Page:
We aren’t seeing bunk beds used at more traditional brands, such as The St. Regis and Park Hyatt — at least not yet — but brands that attract a slightly younger demographic and embrace a more playful design aesthetic are able to capitalize on the nostalgic element of bunk beds and make them new again. You know, kind of like those restaurants that only sell macaroni or grilled cheese with a grown-up twist.
At the Moxy in Chelsea, for example, there’s a 185-square-foot room (small by most standards), that manages to squeeze four beds into that footprint. Although this room is slightly smaller than those with a single king bed at this property, it costs more per night when paying with cash on every date we checked. Unlike the slightly larger room with a king bed, it also was not available for standard award redemptions using points.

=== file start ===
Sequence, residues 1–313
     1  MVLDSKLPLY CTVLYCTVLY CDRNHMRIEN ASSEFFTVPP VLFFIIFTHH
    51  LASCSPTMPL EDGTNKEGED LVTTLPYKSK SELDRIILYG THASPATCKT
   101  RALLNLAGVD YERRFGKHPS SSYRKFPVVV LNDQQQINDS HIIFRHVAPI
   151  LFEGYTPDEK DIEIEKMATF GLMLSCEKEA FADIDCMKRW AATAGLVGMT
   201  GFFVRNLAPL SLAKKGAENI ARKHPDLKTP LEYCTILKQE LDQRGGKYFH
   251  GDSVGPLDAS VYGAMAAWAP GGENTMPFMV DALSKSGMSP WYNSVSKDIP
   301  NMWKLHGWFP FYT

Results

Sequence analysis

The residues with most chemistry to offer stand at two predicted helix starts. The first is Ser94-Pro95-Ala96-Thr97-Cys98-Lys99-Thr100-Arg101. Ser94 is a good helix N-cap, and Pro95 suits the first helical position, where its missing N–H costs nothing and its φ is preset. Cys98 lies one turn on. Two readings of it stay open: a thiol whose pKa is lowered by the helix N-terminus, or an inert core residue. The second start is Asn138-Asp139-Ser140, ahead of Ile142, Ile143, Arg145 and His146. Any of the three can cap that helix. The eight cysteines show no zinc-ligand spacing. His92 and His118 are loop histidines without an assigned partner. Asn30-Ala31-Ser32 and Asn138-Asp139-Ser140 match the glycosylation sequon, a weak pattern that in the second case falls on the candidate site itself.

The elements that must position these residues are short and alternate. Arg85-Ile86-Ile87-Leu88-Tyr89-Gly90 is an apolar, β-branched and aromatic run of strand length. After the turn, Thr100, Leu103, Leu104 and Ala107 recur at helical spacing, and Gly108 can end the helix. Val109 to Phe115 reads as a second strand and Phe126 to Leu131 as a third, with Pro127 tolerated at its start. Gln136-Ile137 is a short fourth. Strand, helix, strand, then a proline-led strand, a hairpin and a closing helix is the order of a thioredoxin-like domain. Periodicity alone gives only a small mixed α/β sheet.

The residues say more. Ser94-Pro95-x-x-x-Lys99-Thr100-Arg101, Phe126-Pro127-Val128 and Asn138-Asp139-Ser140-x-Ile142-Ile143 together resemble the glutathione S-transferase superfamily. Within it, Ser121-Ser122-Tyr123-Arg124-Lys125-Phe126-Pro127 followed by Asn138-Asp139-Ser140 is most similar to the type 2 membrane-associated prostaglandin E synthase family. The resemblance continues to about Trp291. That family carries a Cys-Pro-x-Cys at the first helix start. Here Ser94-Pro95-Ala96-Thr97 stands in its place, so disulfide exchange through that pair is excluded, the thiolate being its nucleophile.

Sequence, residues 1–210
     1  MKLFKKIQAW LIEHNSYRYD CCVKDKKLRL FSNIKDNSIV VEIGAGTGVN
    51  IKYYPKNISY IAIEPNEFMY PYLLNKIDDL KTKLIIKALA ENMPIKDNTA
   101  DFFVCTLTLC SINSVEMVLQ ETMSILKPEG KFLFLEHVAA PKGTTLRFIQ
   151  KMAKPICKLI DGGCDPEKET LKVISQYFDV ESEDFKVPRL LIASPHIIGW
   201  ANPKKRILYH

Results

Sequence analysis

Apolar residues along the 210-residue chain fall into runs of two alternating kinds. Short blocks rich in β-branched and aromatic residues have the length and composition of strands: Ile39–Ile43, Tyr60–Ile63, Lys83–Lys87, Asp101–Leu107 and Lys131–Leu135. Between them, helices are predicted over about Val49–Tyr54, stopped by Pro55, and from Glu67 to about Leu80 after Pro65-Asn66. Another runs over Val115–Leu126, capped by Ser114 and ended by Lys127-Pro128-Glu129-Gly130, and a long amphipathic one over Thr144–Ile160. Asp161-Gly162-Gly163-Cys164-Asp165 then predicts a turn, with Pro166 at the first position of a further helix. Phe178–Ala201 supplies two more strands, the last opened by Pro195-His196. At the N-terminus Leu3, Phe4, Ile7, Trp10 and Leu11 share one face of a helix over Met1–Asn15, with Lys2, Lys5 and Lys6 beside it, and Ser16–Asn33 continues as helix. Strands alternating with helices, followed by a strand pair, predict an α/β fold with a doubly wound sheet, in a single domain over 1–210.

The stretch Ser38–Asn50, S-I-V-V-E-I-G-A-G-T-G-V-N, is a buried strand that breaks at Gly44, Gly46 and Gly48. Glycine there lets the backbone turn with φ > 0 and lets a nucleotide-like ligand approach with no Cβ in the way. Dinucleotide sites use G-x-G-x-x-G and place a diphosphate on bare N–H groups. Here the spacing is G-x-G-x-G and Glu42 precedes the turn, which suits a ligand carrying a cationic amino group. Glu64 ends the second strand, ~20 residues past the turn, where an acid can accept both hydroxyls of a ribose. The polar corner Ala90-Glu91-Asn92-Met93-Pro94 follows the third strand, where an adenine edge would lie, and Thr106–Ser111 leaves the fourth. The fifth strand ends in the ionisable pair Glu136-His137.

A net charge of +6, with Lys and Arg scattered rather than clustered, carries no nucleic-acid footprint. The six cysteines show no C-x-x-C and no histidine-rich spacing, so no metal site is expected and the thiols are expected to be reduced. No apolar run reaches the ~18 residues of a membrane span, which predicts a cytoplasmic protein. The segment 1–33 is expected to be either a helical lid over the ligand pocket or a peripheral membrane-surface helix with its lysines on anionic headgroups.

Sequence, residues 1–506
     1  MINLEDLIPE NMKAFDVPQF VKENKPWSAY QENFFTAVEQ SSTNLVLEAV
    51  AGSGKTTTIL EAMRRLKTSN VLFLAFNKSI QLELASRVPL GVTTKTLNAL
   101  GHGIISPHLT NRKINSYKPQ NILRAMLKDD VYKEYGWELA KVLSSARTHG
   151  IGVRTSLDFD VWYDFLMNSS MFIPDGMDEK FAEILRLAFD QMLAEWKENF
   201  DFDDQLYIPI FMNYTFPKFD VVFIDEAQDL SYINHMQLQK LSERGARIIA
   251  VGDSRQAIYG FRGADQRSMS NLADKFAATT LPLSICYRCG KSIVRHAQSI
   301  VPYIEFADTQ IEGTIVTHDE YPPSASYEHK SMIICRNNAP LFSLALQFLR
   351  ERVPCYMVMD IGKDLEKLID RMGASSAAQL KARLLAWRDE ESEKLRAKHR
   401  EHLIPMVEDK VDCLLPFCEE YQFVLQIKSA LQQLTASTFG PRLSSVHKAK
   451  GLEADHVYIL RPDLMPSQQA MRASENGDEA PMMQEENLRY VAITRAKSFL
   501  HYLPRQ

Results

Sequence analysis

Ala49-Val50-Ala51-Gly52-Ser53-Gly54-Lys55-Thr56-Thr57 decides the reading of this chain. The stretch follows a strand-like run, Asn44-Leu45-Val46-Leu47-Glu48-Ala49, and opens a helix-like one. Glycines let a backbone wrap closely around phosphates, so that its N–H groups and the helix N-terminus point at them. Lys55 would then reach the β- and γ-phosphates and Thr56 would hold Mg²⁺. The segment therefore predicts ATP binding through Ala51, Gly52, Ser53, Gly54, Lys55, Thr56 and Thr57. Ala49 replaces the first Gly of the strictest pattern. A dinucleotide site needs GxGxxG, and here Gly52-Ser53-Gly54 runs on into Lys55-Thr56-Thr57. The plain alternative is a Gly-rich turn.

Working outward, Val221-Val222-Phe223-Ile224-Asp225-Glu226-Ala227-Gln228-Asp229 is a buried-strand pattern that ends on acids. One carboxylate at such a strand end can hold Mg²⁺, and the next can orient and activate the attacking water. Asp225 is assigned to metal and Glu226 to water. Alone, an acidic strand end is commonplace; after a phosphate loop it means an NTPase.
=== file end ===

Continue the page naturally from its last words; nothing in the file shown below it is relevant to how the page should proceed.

Never one to miss out on a trend, you’ll also find bunk bed rooms in Las Vegas, where adults 21 and up are clearly the most sought-after visitors. The LINQ has had bunk bed rooms, but just this year, the Flamingo got in on the action with new bunk bed rooms and suites that they describe as “inherently social”.
Do know that in almost every instance we checked, the bathroom space in these bunk bed rooms has not been expanded to keep pace with the increased sleeping occupancy. In other words, be ready to take turns.
The shift from placing bunk beds off to the side in hotel rooms clearly meant for families near, say, Disneyland and Disney World, to using bunk beds as the primary sleeping arrangement in spaces designed for adults, has been happening steadily.
Freehand debuted its first property in Miami Beach in 2012 and Marriott followed shortly thereafter with the Moxy Milan in 2014. According to a 2015 article by The Wall Street Journal, shared rooms with bunk beds “are at least as likely to attract groups celebrating a bachelorette party or a guys’ weekend” as they are to meet the needs of families, according to hotel executives.